Three plays into the Tom Herman era in Austin, the Texas defense put the Longhorns on the scoreboard. An interception by Holton Hill was returned 31 yards to the house for a quick Texas lead, but it has been a special teams disaster for Texas in the first half against Maryland. Up 14-7 in the second quarter, Maryland blocked a Texas field goal attempt and Antoine Brooks picked it up and ran 71 yards for a touchdown to push the lead to 21-7. The Terps are spoiling the Herman debut with a decisive 30-14 lead at halftime in Austin.
Texas also had a lost fumble on a kickoff return that gave Maryland a chance to put more point son the scoreboard with a 27-7 lead, but the Texas defense held firm on 3rd and one and forced the Terrapins to try a field goal from the Texas 13-yard line. What goes around comes around as Hill got in on the scoring once more as he returned a blocked field goal attempt for a touchdown.
This has been far from what Texas was hoping to see in the first game under new head coach Tom Herman. A pair of turnovers by the Longhorns and not a single offensive point on the board after one half at home against Maryland is demoralizing at best. So there is a lot of work to do in the second half, but Maryland has been playing aggressive and well.
The college football season officially gets underway this week, but Tom Herman has another week to make some decisions about the starting quarterback for the Texas Longhorns. If he had to make that call right now, Shane Buechele would be getting the starting nod in Austin.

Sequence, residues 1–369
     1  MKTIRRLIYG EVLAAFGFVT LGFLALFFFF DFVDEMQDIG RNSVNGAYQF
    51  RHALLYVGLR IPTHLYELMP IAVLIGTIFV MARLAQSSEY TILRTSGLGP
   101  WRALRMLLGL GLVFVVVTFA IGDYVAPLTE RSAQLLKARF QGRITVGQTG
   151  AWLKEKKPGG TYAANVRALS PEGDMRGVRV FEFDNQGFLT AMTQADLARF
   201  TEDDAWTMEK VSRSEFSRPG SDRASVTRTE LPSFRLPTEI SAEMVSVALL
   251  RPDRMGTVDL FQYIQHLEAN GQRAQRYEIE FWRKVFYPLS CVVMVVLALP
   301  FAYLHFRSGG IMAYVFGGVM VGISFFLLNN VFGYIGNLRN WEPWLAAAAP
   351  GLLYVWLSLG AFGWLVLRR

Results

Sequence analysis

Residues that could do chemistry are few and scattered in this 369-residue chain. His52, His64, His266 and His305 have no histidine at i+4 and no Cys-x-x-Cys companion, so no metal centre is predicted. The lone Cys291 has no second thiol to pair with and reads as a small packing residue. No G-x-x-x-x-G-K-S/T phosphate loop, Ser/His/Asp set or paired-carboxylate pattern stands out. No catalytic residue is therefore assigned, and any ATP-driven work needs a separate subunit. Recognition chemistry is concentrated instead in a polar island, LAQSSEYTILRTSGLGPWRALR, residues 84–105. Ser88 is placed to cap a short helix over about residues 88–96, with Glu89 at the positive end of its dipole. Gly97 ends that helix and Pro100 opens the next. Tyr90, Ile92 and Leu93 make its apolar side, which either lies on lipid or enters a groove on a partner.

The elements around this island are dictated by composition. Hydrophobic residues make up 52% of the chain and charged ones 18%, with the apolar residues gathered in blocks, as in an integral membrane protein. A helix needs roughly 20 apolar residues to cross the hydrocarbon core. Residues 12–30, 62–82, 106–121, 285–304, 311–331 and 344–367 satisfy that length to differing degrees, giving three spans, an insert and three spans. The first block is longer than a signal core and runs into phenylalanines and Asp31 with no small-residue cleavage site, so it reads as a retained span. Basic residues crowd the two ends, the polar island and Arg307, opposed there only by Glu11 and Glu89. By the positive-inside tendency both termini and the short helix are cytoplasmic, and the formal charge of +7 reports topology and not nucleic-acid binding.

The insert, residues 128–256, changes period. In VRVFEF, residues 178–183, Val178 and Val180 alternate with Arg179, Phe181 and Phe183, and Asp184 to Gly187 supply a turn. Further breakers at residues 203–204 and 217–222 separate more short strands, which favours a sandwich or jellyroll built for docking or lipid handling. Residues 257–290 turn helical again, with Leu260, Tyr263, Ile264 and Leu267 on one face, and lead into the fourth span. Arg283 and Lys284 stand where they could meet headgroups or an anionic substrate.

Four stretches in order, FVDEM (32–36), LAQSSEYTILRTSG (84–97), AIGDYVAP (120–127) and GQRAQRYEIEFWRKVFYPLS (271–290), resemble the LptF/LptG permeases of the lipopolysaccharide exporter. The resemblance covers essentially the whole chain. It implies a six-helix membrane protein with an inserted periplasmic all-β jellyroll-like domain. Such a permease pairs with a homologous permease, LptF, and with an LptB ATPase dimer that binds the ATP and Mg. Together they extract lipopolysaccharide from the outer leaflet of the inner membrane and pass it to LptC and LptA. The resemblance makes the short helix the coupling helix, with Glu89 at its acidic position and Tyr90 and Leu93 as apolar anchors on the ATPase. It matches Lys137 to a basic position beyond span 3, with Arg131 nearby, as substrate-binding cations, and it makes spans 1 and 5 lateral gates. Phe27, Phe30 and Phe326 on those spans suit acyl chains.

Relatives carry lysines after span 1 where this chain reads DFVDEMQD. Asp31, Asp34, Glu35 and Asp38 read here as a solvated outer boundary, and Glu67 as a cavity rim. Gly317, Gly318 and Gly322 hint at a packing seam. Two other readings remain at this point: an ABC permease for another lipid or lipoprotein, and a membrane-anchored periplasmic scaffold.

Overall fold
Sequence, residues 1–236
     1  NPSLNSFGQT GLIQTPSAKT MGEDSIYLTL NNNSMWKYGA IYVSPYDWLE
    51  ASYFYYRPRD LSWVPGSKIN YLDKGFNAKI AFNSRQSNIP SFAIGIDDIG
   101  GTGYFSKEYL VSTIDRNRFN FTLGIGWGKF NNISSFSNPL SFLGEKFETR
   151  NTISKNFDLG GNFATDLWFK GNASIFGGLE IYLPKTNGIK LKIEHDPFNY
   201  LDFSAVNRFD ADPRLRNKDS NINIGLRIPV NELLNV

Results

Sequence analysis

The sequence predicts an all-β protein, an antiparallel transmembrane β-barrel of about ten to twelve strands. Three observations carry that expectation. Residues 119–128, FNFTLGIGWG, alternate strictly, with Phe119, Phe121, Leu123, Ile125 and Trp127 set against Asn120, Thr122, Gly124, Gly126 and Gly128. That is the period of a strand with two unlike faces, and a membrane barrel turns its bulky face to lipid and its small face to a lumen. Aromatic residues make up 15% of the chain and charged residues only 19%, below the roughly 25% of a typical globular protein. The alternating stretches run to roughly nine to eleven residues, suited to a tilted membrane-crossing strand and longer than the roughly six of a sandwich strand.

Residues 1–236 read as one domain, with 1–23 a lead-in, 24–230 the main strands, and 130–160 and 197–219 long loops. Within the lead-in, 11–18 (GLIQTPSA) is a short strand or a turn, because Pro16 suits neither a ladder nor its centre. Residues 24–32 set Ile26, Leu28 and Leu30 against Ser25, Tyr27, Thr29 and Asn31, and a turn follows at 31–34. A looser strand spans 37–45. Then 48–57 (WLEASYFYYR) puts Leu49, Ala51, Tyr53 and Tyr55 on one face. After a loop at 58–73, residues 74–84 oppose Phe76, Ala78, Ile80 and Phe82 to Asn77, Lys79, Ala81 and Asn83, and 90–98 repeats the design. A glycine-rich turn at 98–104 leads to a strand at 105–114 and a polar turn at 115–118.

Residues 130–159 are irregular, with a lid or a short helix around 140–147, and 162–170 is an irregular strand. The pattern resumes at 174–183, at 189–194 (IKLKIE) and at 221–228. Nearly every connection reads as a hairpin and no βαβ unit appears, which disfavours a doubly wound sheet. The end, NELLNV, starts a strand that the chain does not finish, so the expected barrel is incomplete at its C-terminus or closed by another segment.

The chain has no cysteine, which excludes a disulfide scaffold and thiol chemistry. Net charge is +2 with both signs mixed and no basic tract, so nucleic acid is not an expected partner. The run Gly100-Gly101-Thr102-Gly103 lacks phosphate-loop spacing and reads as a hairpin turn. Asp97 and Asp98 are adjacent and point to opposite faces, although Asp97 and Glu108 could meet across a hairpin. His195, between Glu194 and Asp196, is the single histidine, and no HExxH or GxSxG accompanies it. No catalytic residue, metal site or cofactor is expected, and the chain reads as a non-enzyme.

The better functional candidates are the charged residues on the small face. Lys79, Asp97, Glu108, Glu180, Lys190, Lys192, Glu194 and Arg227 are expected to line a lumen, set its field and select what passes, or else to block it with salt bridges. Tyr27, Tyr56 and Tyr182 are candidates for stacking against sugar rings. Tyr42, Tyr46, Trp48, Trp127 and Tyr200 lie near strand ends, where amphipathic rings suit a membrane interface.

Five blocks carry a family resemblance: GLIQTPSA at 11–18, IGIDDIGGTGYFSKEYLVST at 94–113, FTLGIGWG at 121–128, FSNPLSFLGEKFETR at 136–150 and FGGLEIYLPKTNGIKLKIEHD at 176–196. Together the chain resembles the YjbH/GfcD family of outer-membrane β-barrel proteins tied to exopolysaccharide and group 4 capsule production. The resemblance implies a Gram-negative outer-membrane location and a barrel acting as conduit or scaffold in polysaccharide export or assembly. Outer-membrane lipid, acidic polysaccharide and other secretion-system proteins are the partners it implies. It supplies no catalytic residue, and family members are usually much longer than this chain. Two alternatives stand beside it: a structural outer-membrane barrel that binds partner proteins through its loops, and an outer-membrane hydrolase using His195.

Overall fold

“I’ve said over and over again that if we played a game tomorrow Shane Buechele would start,” Herman told reporters on Saturday, seemingly a bit frustrated with the question once again being asked, according to The Dallas Morning News. “We’ll get a depth chart to make it Facebook official, I guess. Is that what we’ve got to do?”
It is expected Herman will make a decision on his starting quarterback within the next week ahead of Texas’ season opener at home against Maryland of the Big Ten. Buechele was the full-time starter for the Longhorns last season, but a new coach taking over at a program tends to wipe the slate clean to start from scratch. Buechele has faced his stiffest competition for the job from freshman Sam Ehlinger, who enrolled in January and was able to work with the team in the spring.
Whatever his decision ends up being, Herman has not been overly optimistic about his offense. Instead, Herman has been praising the defense as the key to the upcoming season. For a team that allowed 448.3 yards per game last season to rank seventh in the Big 12 in total defense, and 31.5 points per game (8th in the Big 12 ahead of only Kansas and Texas Tech), Herman is either suggesting the defense has taken some strides in practices this year or the offense really does have a long way to go.